25 May - 29 June 2019 / Parlour Projects, Hastings / By Michael Hawksworth
Alan Ibell’s An Angel, Then! is a show of almost deafeningly hushed new paintings at Parlour Projects that would seem to be exploring the borderlands of his usual figurative world. Where once featureless suited gentlemen could be discovered engaging in cryptic activities within incompletely rendered or (alternatively) half-erased settings, now a new minimalist classicism has frozen his picture plane, replacing transience with stillness, narrative with stiff formalism.
Talk about the ghosts of Modernism. Ibell’s 2017-18 work has drifted onto a stage dotted with old props from David Hockney’s very early style. There’s the sense of a fetishizing of compositional balance and an aesthetic self-consciousness where painting becomes “painting”, deliberate and simulated, even when it is “expressive”. I guess if we’re talking about post-modernist pastiche it might make some sense: Currently showing at Napier’s Spa_ce Gallery, John Brown’s small oil paintings are theatres of jostling modernist fragments where one nevertheless gets the sense that the artist is attempting to shake loose some vivid sense of the now or the here or the I. Ibell’s stage, on the other hand, is set not to facilitate drama, but simply to deploy pictorial elements according to a hierarchy that is meticulously decorative to the last.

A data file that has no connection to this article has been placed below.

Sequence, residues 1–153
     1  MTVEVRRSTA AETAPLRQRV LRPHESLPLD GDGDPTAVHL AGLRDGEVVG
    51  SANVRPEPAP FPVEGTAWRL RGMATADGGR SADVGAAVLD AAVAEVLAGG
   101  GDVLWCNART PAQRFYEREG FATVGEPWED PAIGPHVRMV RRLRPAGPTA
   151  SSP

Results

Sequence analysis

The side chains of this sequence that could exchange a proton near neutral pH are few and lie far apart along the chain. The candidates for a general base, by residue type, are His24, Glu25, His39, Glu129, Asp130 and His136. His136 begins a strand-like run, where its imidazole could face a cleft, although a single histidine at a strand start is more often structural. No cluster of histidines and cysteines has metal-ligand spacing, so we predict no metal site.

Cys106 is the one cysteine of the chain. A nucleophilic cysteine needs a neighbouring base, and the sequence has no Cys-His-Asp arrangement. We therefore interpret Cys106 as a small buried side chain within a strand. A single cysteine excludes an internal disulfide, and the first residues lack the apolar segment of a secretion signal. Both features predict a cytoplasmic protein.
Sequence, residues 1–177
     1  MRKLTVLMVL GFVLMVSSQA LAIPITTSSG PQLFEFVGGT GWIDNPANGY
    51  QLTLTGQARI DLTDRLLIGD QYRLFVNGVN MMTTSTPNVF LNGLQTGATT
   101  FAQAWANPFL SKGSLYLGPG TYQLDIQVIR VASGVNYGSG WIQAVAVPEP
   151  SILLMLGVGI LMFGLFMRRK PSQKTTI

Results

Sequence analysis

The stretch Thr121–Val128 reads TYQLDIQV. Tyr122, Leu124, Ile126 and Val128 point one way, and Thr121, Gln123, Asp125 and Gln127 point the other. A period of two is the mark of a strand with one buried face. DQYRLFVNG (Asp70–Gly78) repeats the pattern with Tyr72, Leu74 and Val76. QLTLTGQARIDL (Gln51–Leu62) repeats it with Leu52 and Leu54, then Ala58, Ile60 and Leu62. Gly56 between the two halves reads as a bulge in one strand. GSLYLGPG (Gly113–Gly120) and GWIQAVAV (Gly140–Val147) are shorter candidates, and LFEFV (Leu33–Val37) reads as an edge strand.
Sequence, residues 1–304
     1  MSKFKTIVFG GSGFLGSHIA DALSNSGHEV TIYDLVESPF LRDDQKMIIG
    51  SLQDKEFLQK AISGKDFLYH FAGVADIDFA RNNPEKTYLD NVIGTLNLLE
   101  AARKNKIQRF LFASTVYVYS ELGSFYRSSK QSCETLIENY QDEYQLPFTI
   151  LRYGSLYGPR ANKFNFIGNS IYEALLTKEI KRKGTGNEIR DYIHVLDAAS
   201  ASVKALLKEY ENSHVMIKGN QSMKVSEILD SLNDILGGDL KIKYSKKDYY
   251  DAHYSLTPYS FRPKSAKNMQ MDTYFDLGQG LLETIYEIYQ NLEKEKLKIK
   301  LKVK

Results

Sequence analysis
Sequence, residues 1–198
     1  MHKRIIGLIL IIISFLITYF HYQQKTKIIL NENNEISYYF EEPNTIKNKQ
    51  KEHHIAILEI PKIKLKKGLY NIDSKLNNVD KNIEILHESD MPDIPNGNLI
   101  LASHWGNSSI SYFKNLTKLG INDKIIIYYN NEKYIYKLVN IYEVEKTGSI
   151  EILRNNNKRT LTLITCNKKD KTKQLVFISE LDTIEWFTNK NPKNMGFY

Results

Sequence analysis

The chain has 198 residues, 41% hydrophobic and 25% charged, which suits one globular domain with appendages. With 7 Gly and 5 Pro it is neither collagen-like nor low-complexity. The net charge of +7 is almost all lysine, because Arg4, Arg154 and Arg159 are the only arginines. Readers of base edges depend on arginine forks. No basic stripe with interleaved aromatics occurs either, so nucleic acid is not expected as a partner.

Ibell’s figures have always been ciphers, but in works like Landscape with Expectant Figure (I and II), expectancy is pretty much all they have left, all agency having been drained away, to better suit them for their new condition as ornaments. There they perch, on the tips of their shadows or upon horizons separating a tasteful pink from a tasteful grey in otherwise featureless expanses of barren “landscape” or (alternatively) barren acrylic paint – take your pick. This may be a world “outside time and place” (as detailed in the gallery’s literature) but it is affectless, inert. There’s no sense of the “uncanny” (the representation of which, generally speaking, fails in the moment it is consciously attempted) in the landscapes supposed to add to the instabilities of the perfectly positioned “stranger”.
The most engaging painting here is, ironically, one not included in the catalogue, perhaps because it is regarded as a ‘mere’ study for the larger (and quite pretentiously titled) Travelling Stranger (Night Apparition). It happily lacks what deadens the other works in the show – fussiness. It is lo-fi as opposed to “lo-fi”, and there’s a sense of the search, perhaps even a glimpse of the “uncertainty of perception” claimed by the gallery’s description of this artist’s work as its hallmark. Paintings as blandly affectless as Ornament III and Revelation I could do with some of that spirit, to save them from this otherwise somewhat anaemic and over-aestheticized paradise where paint goes to live out it’s half-life and painting goes to die.
Support The Hook
We'll use supporter funds to thank our writers and become more financially sustainable.